And if we accidentally let these people have children, we should abort them or leave them in state institutions for life, because we wouldn’t want a family to have to deal with the disappointment of a rapist’s son or a dropout’s daughter reverting to their genetic programming. (You know, adoptees kill parents because they’re all mentally unstable; I saw it on a made-for-TV movie!)
So, somewhere, someone read this article and marked “NO” next to the boxes that asked, “Would you accept the placement of a child who was conceived in rape? Or who was born to a teenage mother?” or just threw out the whole paperwork package, since adoptees are not generally coming from birth parents who are happy, successful, and well-educated.
If this all sounds familiar, yes, you’ve heard this before. I don’t think Caplan goes into it, as he mostly uses adoptees as a useful example and assumes his readers all gave birth to their own children, but this logic and claims to scientific and/or statistical proof have been used before to sterilize the “unfit” in the U.S., with or without their consent.
Adoptees, as I think I’ve said before, are hard to research. Generally, you have to take those who volunteer as your study group. A well-known and overquoted adoption “expert” chooses to assume that her experiences, and those of the adoptees in the therapy groups she runs, are the norm. (Everyone else is in denial, of course, and thus ignorable for statistical purposes.) Another book I read at the recommendation of our previous adoption agency studied transracial adoption… by placing an ad looking for transracially-adopted volunteers for the study in Ebony. Which is sort of like advertising for volunteers on a study of “How much time do American women spend crafting?” in Martha Stewart Living; you’re going to skew your results just a tiny bit from the general population, don’t you think?
Caplan’s main argument seems to be that modern parents are working themselves to utter exhaustion trying to make sure that Johnny and Susie have the best daycare ever so they can get into the right pre-school, have all the right extracurriculars, and never scrape their knees because a parent (or both) is always hovering over them to keep them from falling. And they’re all really selfish people at heart, trying to force their kids to be just like them. This, Caplan says, is overkill.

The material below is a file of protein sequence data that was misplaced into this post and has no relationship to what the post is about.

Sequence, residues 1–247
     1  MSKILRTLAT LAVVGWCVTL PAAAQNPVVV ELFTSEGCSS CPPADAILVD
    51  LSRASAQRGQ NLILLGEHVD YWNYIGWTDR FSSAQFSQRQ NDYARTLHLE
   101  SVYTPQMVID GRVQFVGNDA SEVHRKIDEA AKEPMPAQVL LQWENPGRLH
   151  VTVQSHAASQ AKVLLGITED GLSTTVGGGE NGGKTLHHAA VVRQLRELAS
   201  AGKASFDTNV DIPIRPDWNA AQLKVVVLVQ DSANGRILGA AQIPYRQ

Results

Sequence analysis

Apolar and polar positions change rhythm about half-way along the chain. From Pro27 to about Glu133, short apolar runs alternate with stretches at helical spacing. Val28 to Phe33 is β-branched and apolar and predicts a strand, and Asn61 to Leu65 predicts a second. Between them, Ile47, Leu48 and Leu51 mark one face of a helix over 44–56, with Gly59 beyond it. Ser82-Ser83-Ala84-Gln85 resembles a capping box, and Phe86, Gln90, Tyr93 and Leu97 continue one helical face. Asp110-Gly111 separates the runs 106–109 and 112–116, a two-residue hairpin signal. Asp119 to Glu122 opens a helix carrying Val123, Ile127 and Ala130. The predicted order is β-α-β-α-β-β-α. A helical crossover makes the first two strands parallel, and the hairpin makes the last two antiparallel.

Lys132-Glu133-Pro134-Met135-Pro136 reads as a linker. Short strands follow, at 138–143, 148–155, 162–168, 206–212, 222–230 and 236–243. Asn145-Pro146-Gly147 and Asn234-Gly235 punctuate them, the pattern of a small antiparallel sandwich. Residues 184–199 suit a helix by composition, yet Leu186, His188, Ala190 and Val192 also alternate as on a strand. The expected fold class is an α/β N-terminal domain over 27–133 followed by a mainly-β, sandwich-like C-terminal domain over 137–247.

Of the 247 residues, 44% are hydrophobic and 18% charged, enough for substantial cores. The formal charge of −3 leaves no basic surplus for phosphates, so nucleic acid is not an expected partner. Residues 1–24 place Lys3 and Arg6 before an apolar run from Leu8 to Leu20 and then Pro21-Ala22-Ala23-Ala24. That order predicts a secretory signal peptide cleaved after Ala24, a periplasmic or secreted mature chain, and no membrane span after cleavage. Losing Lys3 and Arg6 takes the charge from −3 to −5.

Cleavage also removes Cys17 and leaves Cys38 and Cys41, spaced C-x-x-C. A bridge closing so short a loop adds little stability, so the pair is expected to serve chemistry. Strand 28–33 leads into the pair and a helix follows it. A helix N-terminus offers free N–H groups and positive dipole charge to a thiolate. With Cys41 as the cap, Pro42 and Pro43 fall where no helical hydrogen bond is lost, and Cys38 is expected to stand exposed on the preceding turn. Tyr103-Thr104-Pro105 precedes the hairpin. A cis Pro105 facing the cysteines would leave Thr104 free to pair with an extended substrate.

Well, duh. I could’ve told you that. (But I’m not charging $20 a book.)
Caplan says the solution is to realize that children don’t have to be that expensive and time-consuming. Double duh.
But the way you make them less expensive and time-consuming is not to just quit trying, it’s to look at how you’re parenting. Caplan advocates considering having more kids, since they pay off in terms of support, fun, and grandchildren later in life… which I will point out will force you to consider how you’re raising your children.
From what I’ve read and been told, two children seems to be about the limit for daycare making any kind of financial sense at all. Unless you’re making well above the national average, three kids will force you to consider being a stay-at-home mom instead of paying the daycare. Private school for three kids? I hope you’re independently wealthy or your parish school has a family plan. Scared out of your wits into hovering within arms reach of your offspring at all times? Can’t do it when the number of kids exceeds the number of available parents for hovering duties.
There is something to be said for parenting to take it down a notch. Kids don’t need to be reading by preschool. If my kids fall in the lake, I’ll fish them out, and they’ll learn to be more careful. Scraped knees? Let mommy show you where I had stitches in my chin because I was biking home at dark, yes, all by myself, and wasn’t paying attention to where I was going as I pedaled against the wind, uphill, and ran into a parked car. And I am quite good at kicking my kids outside to play or making time to read a book, even before Mr. Caplan instructed me on the necessity of doing so. In fact, I seem to have avoided most of the pitfalls Caplan mentioned in his first chapter.
And I don’t have to dehumanize children into little more than a walking clump of doomed DNA to do it.